Professor of English
Ph.D., Emory University, 1979
M.A., St. John's College, NM, 1979
M.A., Boston University, 1973
B.A., Xavier Univeristy of Louisiana, 1972
Specialties: Cultural and Intellectual History of the 1920s, African American Studies, Harlem Renaissance and Lost Generation Writers, Autobiography and Biography
Having matriculated in a dual degree in English and History at Xavier, I completed all of my graduate degrees in interdisciplinary studies and with literature as a foundation. I continue to reflect on having grown up in Garyville, a small sugar cane town that borders the east bank of the Mississippi River, thirty-five miles west of New Orleans. I firmly embrace the concept of living out time and place, not simply occupying space. Thus I have never wanted my life to be divorced from my work. My Ph.D. dissertation is on Cane, a book written by Jean Toomer, grandson of P.B.S. Pinchback. For the Ph.D. in American Studies with an emphasis in cultural and intellectual studies—the impact of ideas on life, I studied works as social commentary in various genre of literature complemented by my study of history as an angle of consistency. My major concentration centered on the culture and history of the 1920s, particularly emphasis on the Harlem Renaissance Movement. For the M.A. in Liberal Education with a Great Books program as foundation, I matriculated in work in literature, politics and society, philosophy and theology, and transferred credits in anthropology and education. For the M.A. in African American Studies, I engaged work in African and African American literature, sociology, psychology, and undertook an inner city practicum in the African American community of Boston, and an observation study in Monrovia, Liberia. My interdisciplinary studies degrees enable me to teach in a respective department of English, history, philosophy, American Studies, African American Studies, and Humanities. At the University of Notre Dame, I was a professor of American Studies in that department. At the University of Nebraska-Omaha, I was a professor of Humanities in the College of Public Affairs and Community Service. At additional universities, I have served, by choice and university agreement and based on qualification, as a professor in a department of English. My scholarly works have been published in Africa, the United Kingdom, and the United States of America.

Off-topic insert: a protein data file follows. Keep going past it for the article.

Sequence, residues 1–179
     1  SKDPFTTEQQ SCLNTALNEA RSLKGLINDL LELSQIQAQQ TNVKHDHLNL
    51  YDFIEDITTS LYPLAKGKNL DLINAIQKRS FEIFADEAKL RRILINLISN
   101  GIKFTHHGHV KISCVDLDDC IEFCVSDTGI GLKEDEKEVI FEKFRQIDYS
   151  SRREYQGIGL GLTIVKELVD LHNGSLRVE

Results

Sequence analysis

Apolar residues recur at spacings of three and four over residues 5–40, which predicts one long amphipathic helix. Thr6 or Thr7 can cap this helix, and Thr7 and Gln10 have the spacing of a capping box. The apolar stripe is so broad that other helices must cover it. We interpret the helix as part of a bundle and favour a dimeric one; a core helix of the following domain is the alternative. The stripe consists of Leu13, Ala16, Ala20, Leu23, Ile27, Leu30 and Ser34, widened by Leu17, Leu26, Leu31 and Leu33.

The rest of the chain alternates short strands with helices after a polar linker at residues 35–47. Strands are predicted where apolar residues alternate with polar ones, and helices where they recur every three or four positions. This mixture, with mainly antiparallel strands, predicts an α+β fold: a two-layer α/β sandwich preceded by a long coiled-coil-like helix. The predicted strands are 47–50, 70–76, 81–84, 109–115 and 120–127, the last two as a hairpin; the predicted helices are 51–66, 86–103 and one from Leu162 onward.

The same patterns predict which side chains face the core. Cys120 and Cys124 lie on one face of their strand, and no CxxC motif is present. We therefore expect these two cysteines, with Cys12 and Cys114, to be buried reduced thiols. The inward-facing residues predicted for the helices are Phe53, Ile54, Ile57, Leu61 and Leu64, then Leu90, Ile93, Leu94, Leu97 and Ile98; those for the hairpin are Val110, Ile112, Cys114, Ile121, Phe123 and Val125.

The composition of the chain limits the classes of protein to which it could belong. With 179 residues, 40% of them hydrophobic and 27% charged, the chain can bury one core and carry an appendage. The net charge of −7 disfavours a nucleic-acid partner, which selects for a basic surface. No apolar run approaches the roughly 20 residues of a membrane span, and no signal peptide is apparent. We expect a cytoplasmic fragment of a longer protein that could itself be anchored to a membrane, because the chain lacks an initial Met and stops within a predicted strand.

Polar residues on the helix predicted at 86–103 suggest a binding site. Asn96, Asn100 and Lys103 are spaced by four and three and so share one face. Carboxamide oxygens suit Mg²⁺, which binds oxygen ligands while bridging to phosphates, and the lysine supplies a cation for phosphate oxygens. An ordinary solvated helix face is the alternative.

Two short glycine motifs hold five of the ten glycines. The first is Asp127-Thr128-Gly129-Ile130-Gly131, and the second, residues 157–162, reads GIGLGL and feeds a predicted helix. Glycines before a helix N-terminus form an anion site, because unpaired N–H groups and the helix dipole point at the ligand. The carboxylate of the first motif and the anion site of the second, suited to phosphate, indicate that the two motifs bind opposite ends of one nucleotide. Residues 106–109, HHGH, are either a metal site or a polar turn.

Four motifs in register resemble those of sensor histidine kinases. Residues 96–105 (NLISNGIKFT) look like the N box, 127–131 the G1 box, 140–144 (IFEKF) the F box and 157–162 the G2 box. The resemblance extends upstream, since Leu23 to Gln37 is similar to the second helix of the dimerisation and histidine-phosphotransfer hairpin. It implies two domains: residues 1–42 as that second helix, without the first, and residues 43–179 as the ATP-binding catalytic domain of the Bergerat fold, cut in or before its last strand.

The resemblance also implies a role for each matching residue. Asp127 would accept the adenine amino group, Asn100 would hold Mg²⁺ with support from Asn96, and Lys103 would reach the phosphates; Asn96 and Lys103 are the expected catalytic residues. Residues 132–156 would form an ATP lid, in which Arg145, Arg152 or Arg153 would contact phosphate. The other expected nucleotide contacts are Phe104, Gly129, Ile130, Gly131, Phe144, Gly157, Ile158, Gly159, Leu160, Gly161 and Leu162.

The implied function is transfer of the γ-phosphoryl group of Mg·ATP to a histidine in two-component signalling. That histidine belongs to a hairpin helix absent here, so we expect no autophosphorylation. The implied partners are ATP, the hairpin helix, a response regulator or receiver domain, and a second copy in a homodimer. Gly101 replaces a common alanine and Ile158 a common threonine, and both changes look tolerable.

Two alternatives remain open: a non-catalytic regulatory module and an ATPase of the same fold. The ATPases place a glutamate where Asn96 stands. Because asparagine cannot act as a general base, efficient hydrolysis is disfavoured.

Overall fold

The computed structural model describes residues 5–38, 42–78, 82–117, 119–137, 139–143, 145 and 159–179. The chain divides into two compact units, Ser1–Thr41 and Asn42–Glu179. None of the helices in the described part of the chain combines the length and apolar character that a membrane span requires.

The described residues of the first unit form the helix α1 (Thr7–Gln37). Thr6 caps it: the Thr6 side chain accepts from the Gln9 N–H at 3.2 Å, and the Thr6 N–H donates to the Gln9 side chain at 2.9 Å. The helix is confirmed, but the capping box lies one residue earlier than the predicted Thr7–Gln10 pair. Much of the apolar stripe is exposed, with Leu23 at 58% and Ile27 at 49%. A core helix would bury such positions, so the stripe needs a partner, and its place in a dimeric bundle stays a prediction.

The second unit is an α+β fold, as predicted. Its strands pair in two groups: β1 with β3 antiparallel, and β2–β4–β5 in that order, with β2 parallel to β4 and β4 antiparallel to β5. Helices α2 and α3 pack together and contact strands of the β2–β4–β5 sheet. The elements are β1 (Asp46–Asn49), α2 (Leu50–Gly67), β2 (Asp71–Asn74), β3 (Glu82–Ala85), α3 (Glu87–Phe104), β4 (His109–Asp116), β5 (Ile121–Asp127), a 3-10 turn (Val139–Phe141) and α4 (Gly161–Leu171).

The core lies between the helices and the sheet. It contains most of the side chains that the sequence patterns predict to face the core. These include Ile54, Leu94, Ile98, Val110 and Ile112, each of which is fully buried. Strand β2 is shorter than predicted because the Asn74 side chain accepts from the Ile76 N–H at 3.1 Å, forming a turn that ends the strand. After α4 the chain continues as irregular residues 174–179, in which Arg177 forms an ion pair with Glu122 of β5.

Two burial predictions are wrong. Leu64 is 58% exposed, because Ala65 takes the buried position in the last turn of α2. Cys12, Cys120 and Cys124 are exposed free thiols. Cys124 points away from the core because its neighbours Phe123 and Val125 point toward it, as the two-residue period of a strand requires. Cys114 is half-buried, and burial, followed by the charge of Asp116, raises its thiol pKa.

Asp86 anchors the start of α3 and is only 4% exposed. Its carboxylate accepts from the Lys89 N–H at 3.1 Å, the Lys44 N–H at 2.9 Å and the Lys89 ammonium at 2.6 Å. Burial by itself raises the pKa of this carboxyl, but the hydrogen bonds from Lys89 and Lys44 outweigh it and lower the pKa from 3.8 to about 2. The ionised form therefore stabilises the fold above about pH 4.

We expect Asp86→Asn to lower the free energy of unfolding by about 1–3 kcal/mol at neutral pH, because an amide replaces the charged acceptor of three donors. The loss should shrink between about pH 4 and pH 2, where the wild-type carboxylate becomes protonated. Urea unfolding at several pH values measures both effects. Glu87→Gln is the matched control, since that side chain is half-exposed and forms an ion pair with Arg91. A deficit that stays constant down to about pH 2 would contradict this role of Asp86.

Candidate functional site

Ronald Dorris is the author of Cane: Jean Toomer's Swan Song (1997). firstname.lastname@example.org.